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Zoo Tax Would Build New Exhibits And, Supporters Hope, Tourism

Kansas City Zoo entrance. (KCUR, 2011)
Kansas City Zoo entrance. (KCUR, 2011)

By Maria Carter


KANSAS CITY, Mo. – The Kansas City Zoo was almost shut down less than a decade ago but has bounced back with new exhibits, such as Nikita the polar bear, and growing attendance, with more than 600,000 visitors a year. Zoo leaders want to continue that growth.

Zoo management has a ten-year master plan, and supporters say the one-eighth-cent sales tax on the ballot in Clay and Jackson counties would help put that into place.

The zoo's executive director Randy Wisthoff points to the first planned project.

"We'll have an outdoor exhibit that features African or South American penguins. Also an enormous cold weather penguin exhibit that will have underwater viewing and feature some of the iconic penguins," says Wisthoff.

The St. Louis Zoo has a penguin exhibit. It gets about 3 million visitors year, 5 times as many as the Kansas City Zoo. Wisthoff says penguins and other plans, like a new area for big cats and an ape exhibit, will hopefully draw more than a million visitors through the gates in Kansas City.

Supporters Point to Jobs and Tourism
Wisthoff says one benefit of all those visitors would be jobs. The zoo would need to employ more people, but the zoo could also drive tourism.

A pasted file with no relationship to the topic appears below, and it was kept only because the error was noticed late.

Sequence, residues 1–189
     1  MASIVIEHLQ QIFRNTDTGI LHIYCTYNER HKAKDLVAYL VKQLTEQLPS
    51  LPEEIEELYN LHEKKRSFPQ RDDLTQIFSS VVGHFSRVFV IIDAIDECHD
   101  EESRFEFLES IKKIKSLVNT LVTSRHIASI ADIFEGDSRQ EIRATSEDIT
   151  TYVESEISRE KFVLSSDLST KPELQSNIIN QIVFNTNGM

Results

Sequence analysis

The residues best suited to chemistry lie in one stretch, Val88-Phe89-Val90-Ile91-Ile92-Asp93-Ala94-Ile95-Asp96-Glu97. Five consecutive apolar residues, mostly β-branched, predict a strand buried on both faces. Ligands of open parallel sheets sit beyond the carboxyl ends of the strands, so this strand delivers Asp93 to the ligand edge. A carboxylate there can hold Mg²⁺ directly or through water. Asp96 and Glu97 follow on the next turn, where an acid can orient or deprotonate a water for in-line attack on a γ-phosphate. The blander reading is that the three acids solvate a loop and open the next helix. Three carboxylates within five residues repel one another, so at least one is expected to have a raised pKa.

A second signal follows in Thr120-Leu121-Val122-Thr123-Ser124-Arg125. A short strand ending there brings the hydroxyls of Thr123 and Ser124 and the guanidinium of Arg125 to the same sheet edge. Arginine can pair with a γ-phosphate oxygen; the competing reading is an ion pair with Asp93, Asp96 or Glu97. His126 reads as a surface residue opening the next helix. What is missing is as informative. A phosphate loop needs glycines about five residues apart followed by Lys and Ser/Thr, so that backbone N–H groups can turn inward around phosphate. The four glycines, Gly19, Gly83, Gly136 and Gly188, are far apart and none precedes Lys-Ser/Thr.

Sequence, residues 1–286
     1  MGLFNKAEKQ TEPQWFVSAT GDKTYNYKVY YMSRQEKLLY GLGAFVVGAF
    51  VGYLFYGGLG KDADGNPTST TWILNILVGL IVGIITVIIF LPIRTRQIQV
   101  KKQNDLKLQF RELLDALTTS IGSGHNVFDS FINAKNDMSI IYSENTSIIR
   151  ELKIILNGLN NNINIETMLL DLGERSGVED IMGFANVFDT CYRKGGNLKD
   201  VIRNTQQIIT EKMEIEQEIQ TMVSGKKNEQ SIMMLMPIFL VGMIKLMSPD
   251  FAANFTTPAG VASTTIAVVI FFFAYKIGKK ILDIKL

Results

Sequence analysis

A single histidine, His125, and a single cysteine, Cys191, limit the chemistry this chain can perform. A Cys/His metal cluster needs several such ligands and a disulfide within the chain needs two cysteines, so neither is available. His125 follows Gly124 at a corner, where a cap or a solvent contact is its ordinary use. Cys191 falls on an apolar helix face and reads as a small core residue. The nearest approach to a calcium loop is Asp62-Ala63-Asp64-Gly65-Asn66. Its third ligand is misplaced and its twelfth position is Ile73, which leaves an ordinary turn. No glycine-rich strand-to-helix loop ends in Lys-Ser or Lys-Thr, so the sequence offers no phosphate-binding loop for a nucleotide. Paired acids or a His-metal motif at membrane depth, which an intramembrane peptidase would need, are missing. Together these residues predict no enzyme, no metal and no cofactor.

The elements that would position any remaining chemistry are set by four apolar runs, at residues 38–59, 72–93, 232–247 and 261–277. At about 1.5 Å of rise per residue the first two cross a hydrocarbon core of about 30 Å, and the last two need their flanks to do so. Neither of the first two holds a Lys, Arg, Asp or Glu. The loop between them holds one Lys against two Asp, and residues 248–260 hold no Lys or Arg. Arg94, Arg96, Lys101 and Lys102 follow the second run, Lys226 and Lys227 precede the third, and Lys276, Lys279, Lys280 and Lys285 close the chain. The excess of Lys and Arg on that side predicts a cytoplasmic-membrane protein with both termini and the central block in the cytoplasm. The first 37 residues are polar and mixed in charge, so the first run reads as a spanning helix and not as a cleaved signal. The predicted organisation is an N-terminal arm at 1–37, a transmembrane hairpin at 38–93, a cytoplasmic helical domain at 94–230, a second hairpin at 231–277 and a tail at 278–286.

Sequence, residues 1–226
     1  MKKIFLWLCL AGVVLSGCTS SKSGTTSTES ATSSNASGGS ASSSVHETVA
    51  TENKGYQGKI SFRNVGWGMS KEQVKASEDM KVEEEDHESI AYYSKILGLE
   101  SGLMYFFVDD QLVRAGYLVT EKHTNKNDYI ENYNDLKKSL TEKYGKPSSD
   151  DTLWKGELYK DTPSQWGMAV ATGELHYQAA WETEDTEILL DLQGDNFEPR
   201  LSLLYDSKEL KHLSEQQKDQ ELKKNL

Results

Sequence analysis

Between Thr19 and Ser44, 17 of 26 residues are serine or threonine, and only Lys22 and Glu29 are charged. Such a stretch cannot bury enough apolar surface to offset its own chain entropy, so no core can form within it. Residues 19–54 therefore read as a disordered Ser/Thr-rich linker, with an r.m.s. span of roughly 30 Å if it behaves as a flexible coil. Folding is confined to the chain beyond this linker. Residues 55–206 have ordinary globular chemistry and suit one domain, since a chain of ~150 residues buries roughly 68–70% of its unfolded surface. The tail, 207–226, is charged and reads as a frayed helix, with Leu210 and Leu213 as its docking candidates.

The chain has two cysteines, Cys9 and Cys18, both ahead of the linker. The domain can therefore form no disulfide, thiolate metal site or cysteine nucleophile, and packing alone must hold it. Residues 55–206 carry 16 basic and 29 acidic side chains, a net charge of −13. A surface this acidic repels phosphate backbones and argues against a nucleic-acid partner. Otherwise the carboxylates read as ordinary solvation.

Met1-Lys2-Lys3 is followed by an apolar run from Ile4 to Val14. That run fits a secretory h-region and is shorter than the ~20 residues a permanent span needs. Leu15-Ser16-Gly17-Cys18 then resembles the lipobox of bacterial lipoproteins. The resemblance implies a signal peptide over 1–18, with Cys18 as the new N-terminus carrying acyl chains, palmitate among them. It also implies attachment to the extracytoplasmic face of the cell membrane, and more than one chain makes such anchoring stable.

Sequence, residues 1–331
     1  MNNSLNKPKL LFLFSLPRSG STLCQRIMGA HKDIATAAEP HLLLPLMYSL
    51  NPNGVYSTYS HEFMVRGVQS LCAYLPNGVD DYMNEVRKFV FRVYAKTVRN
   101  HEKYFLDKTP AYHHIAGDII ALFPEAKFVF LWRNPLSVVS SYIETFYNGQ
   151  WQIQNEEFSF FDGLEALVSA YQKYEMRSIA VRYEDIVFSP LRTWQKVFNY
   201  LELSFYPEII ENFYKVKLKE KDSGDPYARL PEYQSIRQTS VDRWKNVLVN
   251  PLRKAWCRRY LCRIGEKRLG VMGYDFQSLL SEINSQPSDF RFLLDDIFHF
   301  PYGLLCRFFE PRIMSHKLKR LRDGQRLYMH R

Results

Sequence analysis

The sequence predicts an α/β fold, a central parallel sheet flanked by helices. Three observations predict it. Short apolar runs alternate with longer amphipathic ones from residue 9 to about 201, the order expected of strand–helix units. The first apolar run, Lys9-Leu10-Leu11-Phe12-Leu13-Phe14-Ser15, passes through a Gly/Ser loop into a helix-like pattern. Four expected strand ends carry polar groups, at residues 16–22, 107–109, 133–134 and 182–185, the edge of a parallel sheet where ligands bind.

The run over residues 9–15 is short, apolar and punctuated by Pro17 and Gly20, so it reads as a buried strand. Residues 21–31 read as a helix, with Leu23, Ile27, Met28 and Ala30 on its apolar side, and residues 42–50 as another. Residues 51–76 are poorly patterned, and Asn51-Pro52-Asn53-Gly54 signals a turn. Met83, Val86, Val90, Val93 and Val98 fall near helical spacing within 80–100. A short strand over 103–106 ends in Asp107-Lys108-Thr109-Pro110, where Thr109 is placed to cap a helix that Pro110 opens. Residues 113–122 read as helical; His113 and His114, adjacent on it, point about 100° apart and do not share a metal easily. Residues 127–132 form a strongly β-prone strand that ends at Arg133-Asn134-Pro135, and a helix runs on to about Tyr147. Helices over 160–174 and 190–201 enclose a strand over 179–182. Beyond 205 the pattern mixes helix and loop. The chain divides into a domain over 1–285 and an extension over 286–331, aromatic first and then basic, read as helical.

"An awful lot of people come to Kansas City for a long weekend. Well, we would like to offer a world class zoo that might cause them to stay an extra night or provide another activity in town," says Wisthoff.

Wisthoff says the zoo's goal is to almost double attendance over the next decade. That prospect has the Kansas City Convention and Visitors Association President Rick Hughes excited.

"That's a real meaningful number when you can say 300,000 of those people are coming in from out of town," says Hughes.

Even though supporters are eying more out-of-town visitors, residents in counties that approve the tax would get a break: half-price zoo admission - four free days a year - and free school trips for certain grades.

Opponents: Don't Charge Everyone
Steve Phipps doesn't think the benefits are a good enough reason. He's with Common Sense for Common People, a Tea Party group in Clay County. Phipps says many people will be paying for a zoo they don't visit.

"You use a facility, you use a service, you pay for it. You don't saddle that burden on everyone else," says Phipps.

Phipps says the issue should be about what's best for Clay and Jackson counties - not penguins.

"I don't know of a single person I talked to that doesn't like penguins. Unfortunately in a case like this, we have to look behind the cute cuddly penguins," says Phipps.

If supporters are successful in their campaign, the Kansas City Zoo would see an influx of cash. The total yearly budget for the zoo stands at less than $12 million a year right now. The proposed tax would generate as much as $14 million each year.

Election Details
The election on the proposed one-eighth-cent sales tax takes place in Jackson and Clay counties Tuesday, November 8th.

Related articles
Economy makes zoo tax a hard sell, but not an impossible one (Kansas City Star)
Zoo Campaign Kickoff (KCUR)

Kansas City Zoo
One Zoo for All campaign
Kansas Convention and Visitors Association


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